"I think you improve the undergraduate education, you pick out your research priorities, you fix up the buildings, you market your programs better. Then you just cross your fingers, and hope the people who do these surveys - some of which are totally absurd in terms of methodology - that eventually the truth will win out," Yudof said.
The U of M did win out, at least in one ranking. A July 2001 University of Florida survey placed Minnesota as one of the top three public research universities in the country.
While the university may be making strides in looking and feeling better about itself, students are concerned with yearly tuition increases. This fall, students will see an average 16 percent tuition increase. But many students don't blame Yudof, they blame state lawmakers and the governor.
This past session, the Legislature cut $24 million from the U's new spending budget because of the state's multi-billion dollar deficit. The U's bonding proposal was also slashed.
But there were rosier times at the Capitol.
In April 1998, the U received $249 million in new spending from the Legislature. For Yudof it was a major victory, after seven years of lackluster funding levels for the U of M. The money went not only to new construction and cosmetic campus improvements, it also went to increase faculty salaries.
Joe Massey is the past chair of the Faculty Consultative Committee. He says morale was low when Yudof arrived, because of a recent dispute with the Board of Regents over tenure. He says Yudof's commitment to the tenure process and increased salaries raised faculty morale. Massey says Yudof also shared common ground - he was one of them.
"The president has taken a stand of maintaining his scholarship. He finished up the latest edition of his law book this past year. The president (taught) freshman seminar. So he's involved in research and he's involved with students," Massey said.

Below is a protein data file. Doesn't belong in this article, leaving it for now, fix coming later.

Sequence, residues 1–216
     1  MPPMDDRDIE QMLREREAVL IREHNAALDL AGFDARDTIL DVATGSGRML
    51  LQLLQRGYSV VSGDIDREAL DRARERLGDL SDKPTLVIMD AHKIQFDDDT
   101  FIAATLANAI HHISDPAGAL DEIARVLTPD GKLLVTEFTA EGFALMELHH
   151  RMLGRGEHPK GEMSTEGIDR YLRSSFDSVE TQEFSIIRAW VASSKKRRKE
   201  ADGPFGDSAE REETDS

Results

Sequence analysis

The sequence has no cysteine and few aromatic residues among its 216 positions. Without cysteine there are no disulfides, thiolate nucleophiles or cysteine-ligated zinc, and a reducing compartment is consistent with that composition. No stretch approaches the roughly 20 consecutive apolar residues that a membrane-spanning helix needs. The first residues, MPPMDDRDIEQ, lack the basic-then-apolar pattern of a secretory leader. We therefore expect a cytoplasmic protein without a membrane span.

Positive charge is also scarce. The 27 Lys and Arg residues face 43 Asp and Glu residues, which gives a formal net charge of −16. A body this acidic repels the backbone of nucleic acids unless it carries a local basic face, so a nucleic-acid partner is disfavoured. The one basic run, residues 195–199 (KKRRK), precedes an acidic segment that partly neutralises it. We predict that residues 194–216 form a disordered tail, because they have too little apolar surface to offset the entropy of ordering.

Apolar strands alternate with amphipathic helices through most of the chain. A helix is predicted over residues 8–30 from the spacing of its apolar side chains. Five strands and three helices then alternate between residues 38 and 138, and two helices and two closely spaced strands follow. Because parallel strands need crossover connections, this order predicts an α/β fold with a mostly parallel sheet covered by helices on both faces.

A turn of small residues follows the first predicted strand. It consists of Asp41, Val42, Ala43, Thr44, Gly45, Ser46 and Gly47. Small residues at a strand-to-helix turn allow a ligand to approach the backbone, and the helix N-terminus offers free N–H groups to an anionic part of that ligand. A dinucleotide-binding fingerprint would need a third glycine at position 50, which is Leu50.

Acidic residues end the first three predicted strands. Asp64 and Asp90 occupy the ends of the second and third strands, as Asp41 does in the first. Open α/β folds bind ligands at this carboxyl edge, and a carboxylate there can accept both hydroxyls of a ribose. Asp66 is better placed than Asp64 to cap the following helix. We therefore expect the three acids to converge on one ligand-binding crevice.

Though many say Yudof's tenure was relatively low on the scandal meter, academic cheating among some male basketball players got plenty of attention in March 1999. Yudof bought out the remainder of former men's basketball coach Clem Haskins' contract for $1.5 million. The school later sued, and just months ago, recovered some of the payout money. Both men and women's basketball remain under NCAA sanctions, and the athletics department is struggling with a persistent budget hole.
One of Yudof's final acts as president was to merge the men's and women's athletic departments and hire a new athletic director.
One of Yudof's regrets is the Legislature did not fund a new multi-million dollar project called the Translational Research Facility. That facility would focus on translating scientific and technological discoveries into marketable products.
Former Minnesota Governor Arne Carlson has been one of Yudof's most vocal supporters. Carlson praises Yudof's energy, intellect and accomplishments. But, he points out college presidents come and go these days. For the U to keep moving forward, he believes it needs to manage its money more efficiently and focus on the institution, not just the people who run it.
"What the university has done over the years - it tries to solve its problems by bringing on board personalities," Carlson said. "If I were to ask you to tell me about 3M, a whole series of personal names don't leap to your mind. You think instead of the brand, and the quality of the brand, and the variety of products that brand represents. The university has to see itself in the same role. Not just in terms of the personalities, but most importantly in institutional management," said Carlson.
The Board of Regents is scheduled Friday to name a panel to recommend Yudof's successor. They hope to hire someone by the end of the year.More from MPR